North’s exhibition history is considerable, in spite of not exhibiting for fifteen years when a curator to avoid conflict of interest. He had exhibited a little prior to his curatorial activities but in 1985 began to establish a significant exhibiting profile. Within his artistic oeuvre, there are three main areas of note. The first reflects his command of the photographic medium, in particular his black and white gelatin-silver photographs from the 1970s and, later, his urban works in colour comprising Canberra Suite and Canberra Coda, both 1980-81; Symptoms, 2005, and Adelaide Suite, 2008-09. These series show a development of subject matter from early works centred on places and situations, to type-C photographs and latterly inkjet prints that explore the inhabited landscapes of metropolises but are rendered devoid of people. North’s suburban-set images emit a quiet calm from otherwise busy and populated streets and parks.

North is also a successful painter, working with the genres of landscape and (occasionally) portraiture. The series Sail Away, 2001—, is a culmination of childhood memory, imagination, reality and experience, in which sailing ships from a bygone era are shown whipped by wind and battered by ocean waves as allegories of human folly. In 2008 he completed a commission to paint Graham Priest, Boyce Gibson Professor of Philosophy at the University of Melbourne. His 2007 portrait of Festival Director Anthony Steel is in the collection of the Adelaide Festival Centre, and in 2005 he was a finalist in the Archibald Prize with a portrait of Daniel Thomas, then Curator and Director of the Art Gallery of South Australia.

A third significant area in North’s practice deals with the combination of photographic and painted mediums. His Pseudo-Panoramas, 1987-88, explore quintessentially Australian landscape scenes. In these works, as in his Manifest Destiny series, 1988-89, conceptually arranged type-C photographs of particular places illustrating rich coloured vistas are enhanced with hand painted synthetic polymer paint reflecting the power of the ‘imperial eye’, while works such as his Home & Away series, 1992, show the interpenetration of different parts of the world, no matter how remote.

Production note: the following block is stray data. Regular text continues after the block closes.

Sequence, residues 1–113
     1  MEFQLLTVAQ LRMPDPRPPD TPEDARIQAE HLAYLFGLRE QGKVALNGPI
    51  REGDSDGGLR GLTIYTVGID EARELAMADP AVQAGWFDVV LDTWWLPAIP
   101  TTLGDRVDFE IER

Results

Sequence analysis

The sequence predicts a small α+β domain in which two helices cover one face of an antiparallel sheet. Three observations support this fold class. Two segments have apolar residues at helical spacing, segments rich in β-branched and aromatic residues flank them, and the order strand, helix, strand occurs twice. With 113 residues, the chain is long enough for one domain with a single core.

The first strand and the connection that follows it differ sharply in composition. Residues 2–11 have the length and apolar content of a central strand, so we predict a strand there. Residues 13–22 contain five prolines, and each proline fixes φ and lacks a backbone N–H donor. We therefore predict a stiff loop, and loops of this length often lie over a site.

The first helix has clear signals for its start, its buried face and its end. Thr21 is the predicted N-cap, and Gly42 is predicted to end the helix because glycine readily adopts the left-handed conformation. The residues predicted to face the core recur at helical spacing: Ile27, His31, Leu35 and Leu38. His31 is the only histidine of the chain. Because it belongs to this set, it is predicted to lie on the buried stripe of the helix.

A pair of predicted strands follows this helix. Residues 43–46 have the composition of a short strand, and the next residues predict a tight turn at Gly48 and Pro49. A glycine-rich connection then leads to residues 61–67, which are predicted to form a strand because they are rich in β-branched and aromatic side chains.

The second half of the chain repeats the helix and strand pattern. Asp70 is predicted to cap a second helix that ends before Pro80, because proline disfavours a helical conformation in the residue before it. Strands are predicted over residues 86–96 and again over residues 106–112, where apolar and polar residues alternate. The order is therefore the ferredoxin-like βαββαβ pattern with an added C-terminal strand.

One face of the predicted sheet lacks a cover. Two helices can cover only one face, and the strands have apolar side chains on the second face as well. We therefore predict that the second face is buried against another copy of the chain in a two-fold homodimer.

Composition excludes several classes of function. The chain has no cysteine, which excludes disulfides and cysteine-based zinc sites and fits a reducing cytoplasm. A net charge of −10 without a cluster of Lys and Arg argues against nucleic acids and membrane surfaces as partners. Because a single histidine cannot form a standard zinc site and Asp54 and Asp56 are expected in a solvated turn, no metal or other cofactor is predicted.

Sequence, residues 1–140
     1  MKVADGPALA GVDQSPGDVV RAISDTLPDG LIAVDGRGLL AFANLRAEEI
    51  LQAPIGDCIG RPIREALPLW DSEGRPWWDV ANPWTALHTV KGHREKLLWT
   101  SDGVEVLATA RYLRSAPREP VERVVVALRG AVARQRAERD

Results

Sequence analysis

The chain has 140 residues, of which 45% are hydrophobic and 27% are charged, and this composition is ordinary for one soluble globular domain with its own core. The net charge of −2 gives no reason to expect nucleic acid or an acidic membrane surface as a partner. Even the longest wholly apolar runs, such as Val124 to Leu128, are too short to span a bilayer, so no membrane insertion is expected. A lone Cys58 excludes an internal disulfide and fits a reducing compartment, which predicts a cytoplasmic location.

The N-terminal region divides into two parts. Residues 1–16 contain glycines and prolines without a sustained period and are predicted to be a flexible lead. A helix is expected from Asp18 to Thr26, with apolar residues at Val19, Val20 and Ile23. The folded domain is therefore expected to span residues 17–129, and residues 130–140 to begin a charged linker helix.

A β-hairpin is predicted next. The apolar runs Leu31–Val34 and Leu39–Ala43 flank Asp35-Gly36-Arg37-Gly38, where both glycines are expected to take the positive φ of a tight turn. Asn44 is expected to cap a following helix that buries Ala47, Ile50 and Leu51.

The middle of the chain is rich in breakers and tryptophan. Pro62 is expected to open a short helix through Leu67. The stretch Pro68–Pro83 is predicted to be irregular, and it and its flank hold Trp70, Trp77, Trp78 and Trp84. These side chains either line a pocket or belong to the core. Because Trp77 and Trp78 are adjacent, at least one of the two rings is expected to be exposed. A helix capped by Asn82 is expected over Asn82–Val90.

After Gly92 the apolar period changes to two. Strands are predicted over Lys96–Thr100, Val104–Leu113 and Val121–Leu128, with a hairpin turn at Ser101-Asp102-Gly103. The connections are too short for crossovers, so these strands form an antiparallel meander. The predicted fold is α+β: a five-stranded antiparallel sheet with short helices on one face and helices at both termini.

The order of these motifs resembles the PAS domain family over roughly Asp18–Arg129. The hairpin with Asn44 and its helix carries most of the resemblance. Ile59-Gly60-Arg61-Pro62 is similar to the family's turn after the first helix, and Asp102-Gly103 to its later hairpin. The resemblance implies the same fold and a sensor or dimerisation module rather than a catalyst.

North’s experience is manifold and so too his recognition within the arts. In 2006, he was a finalist in the Fleurieu Peninsula Art Prize, and in 2005 a finalist in the Archibald Prize as noted. In 1996 he was commissioned by the Art Gallery of South Australia to produce a large photography-based painting, The Olive Plantation, in 2000 a large painted digital work, The Intelligence of Blood, for the Queen Elizabeth Hospital, Adelaide, and in 2005 a similarly mural sized painted digital print, The World is all that is Not the Case, for the Department of Philosophy, University of Melbourne. He is the recipient of numerous fellowships and research grants, including a Fulbright scholarship and two Van Deren Coke Fellowships in the Department of Art and Art History at the University of New Mexico, 1985 and 1989.

North’s work is represented in ACT Museums and Galleries, the Adelaide Festival Centre, Artbank, Art Gallery of Ballarat, Art Gallery of New South Wales, Art Gallery of South Australia, Flinders University Art Museum, Griffith University, Ian Potter Museum of Art, National Gallery of Australia, National Gallery of Victoria, Queen Elizabeth Hospital, Queensland Art Gallery, Queen Victoria Museum and Art Gallery, and Riddoch Gallery.